Infrastructure matters. It’s the tools and structures that magnify our productivity. Think about the speed at which you type an article on a computer versus writing it with pen and paper.
In the for-profit world, the quality of your infrastructure impacts your ability to make money. Office spaces is worth investing in, because it helps your employees be more productive, legitimizes your presence, and encourages people to buy your products. Time intensive systems get automated or replaced, so a business owner can use their time in a way that maximizes revenue. Productivity is measured in ROI.
In the nonprofit world, it is more complicated. Resources are limited, and its much more difficult to measure the impact of our work. It’s about how lives are impacted over years, not sales that take place in seconds. But just like in the for-profit world, systems can have an impact on the bottom line – the triple bottom line.
How a nonprofit sets up its infrastructure (space, systems, employment practices, and more) can strengthen or weaken an organization’s impact on its mission.
Take space for example:
- If your mission is to feed the hungry, you can operate a food pantry out of any space.
- Imagine you operate the food pantry out of a storage unit. The space doesn’t have any heat or cooling, so you can only store and distribute shelf-stable food. Also, you can only use the storage unit in the fall and spring, because in the summer it’s unbearably hot, and even shelf stable food goes bad.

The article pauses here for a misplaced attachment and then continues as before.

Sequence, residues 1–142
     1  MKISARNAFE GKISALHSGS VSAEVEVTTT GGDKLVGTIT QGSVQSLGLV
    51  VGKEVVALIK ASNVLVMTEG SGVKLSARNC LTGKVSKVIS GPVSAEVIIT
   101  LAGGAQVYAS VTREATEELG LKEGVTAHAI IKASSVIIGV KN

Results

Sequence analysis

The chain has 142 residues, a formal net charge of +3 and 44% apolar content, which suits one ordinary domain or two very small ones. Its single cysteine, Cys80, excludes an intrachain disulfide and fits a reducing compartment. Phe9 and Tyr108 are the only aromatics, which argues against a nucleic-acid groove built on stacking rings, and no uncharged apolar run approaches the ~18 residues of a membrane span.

- An empty church classroom- this space is big and spacious, and climate controlled. It enables food to be distributed, but it may be difficult for your clients to find, or they may feel uncomfortable in this space.
- A standalone storefront that feels like a grocery store. Research shows that autonomy and dignity is important for those in need. People are less hungry when they can pick the food that they know how to cook and prepare. They want to go shopping, and this space allows them a dignified experience. More people are attracted to this model so more people are served.
The first example is of a space that actually detracts from a nonprofit’s mission. Subpar space means that food spoils. People choose to seek out other resources or go without. Who wants that?
The second example is of a space that has a neutral impact. It’s good enough. The space facilitates the mission.
The third example is of how space can amplify a mission. If a space is one where people are productive, they are able to create more, and impact more lives.
This analogy holds true for so many other structures from banking, staffing, payroll, IT, and more. What would it look like if all nonprofits were aligning their infrastructure dollars in ways that magnified their mission instead of making do?